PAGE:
LUCY FIZZ: Everyone is invited to come to Glitterbox and express yourself freely, whatever that looks like. We just ask you to come with an open mind and respect everyone else at the party. We have a very welcoming crowd and one of the things I love most about dancing for Glitterbox is seeing all the familiar faces on the dancefloor. So when I’m not on stage you’ll often find me down at the front dancing in the crowd.
Something that has always been clear about Glitterbox is that its performers are allowed to showcase their individual styles and identities. How do you incorporate your authentic self into what you do with the collective?
LUCY FIZZ: What’s really amazing about Glitterbox is that all our performers bring something special and unique to the dancefloor and we are all celebrated for being ourselves. I know I am not the most technically skilled or graceful dancer, TeTe recently compared me to a tornado, but I bring all my energy and passion with me to the podium and the audience can see me up there living my best life and I think it really resonates with them. Tete, MxFit and I are also involved behind the scenes and lend our individual skills, knowledge and queer perspective to help shape and guide the brand.
THE MX FIT: I think we’ve been chosen for our identity, actually. They have seen something in us that was already there and over the years we’ve had the opportunity to work on a craft and our style has changed a lot. So, I think we just wanted to have a whole panel of people just expressing themselves in different ways and there is always room for improvement and there’s always someone that we can add to our team or that can bring something. We’re not looking at the team and being that’s it, everyone is represented. Glitterbox always crosses the lines between dance, culture and fashion and we wear some of the most amazing outfits of the whole club scene.
TETE BANG: So humble of you! We don’t ever tell people what they have to wear. There’s never a theme and there’s no dress code. You really do just bring what you feel like bringing and express yourself however you want to express and we will support you in that. I think the audience really responds to that because we all get messages from people who see us and relate to us in some way. I can speak for myself when I say that I get so many women especially say, “It’s amazing to see someone with your body type and a body that looks like mine dancing around and being confident” and I think the great thing about having people that have all different shapes, sizes and styles. Everybody in the audience is able to see somebody that they see a little bit of themself in that they relate to, or whether that’s what they want to be or what they want to relate to, they want to aim towards that level of confidence. I think that’s what we all genuinely want as well. We want to make people feel like you can do this. You can express yourself like this too. You’re allowed to, we are giving you permission because so often the world doesn’t give people permission to express themselves in different ways and so we are creating a space where we want people to do that.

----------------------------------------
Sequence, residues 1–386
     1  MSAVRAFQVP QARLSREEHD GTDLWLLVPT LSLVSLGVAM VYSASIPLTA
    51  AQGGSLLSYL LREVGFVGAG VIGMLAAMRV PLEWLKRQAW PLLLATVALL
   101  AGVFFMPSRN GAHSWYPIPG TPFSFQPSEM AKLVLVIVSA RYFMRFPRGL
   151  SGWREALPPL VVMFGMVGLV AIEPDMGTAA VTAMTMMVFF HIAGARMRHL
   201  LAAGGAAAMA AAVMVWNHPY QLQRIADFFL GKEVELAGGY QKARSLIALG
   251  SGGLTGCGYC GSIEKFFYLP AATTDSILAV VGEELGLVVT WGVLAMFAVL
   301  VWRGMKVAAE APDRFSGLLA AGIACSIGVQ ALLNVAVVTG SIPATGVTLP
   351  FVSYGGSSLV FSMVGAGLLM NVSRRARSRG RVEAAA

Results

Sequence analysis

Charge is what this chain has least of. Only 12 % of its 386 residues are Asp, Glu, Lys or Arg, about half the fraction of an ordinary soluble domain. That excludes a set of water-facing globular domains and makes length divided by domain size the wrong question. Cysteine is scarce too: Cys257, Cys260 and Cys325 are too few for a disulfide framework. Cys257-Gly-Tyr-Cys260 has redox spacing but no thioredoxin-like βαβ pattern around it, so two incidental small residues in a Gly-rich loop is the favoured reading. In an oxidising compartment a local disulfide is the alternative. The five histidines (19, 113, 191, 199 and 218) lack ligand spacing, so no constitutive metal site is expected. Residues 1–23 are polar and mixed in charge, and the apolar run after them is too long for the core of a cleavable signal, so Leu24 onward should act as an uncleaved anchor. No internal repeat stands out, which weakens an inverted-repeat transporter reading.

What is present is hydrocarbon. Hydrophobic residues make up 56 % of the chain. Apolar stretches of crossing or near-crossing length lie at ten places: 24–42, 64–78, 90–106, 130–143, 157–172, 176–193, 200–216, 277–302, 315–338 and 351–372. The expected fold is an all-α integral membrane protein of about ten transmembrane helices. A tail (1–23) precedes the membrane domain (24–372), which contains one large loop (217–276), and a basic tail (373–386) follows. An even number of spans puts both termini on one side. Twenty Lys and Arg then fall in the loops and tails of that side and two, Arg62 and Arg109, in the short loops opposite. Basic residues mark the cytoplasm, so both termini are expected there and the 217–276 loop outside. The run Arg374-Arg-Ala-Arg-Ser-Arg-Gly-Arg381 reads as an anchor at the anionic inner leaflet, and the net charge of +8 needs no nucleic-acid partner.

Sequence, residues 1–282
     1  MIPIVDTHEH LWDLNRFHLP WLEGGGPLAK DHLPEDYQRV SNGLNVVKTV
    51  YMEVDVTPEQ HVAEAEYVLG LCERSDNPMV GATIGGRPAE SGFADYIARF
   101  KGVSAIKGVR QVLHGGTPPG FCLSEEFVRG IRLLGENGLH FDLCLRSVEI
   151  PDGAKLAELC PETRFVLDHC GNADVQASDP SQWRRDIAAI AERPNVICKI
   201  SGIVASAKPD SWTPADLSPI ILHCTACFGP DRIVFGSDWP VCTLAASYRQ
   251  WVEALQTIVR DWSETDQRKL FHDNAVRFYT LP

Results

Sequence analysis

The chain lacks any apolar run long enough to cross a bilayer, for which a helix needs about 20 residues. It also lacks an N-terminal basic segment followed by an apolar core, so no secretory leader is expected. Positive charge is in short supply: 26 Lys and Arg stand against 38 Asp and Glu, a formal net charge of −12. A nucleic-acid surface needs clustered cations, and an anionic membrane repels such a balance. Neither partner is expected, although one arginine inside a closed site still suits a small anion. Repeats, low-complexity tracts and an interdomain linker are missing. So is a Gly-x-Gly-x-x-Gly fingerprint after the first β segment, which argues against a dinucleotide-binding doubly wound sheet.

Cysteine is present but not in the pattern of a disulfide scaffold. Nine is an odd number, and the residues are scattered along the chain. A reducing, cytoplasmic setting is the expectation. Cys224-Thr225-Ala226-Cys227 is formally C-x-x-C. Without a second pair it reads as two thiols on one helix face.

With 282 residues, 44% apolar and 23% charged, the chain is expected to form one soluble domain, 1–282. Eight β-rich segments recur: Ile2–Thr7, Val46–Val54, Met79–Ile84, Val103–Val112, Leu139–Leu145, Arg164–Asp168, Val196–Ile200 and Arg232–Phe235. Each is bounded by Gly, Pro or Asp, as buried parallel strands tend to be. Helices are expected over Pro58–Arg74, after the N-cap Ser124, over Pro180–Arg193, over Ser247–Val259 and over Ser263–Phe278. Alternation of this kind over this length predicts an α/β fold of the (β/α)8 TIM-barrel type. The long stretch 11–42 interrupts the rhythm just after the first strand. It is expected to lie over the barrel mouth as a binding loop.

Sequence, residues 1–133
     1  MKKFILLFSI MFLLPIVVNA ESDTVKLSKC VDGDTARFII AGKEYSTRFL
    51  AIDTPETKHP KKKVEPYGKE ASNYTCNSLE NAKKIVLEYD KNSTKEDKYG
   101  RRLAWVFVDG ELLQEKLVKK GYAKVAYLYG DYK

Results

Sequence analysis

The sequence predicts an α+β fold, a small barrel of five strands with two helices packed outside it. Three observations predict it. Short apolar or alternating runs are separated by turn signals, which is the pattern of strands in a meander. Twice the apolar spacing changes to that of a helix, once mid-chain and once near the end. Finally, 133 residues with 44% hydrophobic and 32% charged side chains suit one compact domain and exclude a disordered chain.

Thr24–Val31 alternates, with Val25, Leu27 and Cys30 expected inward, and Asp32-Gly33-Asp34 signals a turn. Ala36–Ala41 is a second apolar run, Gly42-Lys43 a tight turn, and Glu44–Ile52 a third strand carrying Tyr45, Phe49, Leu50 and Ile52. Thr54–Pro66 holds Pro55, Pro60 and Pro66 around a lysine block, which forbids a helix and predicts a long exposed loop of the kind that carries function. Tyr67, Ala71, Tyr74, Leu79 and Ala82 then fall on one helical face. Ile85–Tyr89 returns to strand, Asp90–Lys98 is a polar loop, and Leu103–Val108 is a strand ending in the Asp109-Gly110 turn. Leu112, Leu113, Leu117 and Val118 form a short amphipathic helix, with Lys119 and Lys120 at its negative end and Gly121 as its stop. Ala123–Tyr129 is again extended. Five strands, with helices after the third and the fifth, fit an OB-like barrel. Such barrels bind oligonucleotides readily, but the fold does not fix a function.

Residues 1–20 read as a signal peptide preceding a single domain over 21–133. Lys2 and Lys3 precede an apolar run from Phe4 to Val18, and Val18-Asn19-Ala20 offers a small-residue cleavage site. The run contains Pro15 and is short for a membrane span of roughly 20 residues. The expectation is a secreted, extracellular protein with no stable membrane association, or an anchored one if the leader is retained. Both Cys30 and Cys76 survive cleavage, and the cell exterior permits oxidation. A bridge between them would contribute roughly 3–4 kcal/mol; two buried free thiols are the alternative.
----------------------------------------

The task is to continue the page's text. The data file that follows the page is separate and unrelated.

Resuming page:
THE MX FIT: Also, if we can do it, so can they! We’re not any different than them and if we look good in those things, so can they. Something really important, I think, about dressing up is you are basically exploring and extending your personality in ways that you would never think of if you just stay in what you’re used to. It’s almost like someone is giving you a white page and telling you that white page is you and you can recreate yourself in any way you want, there are no rules.
What can we expect from Glitterbox’s upcoming 22-week run at Hï Ibiza?
TETE BANG: Lots of glamour! It’s camp, it’s opulent, it’s over-the-top, it’s disco madness! We’re always inspired by this idea of Studio 54 and old school glamour. But we’re also taking new directions with the brand and letting it grow and be more futuristic and evolving. So I think people are going to be surprised by the direction that we’re moving in and it’s exciting!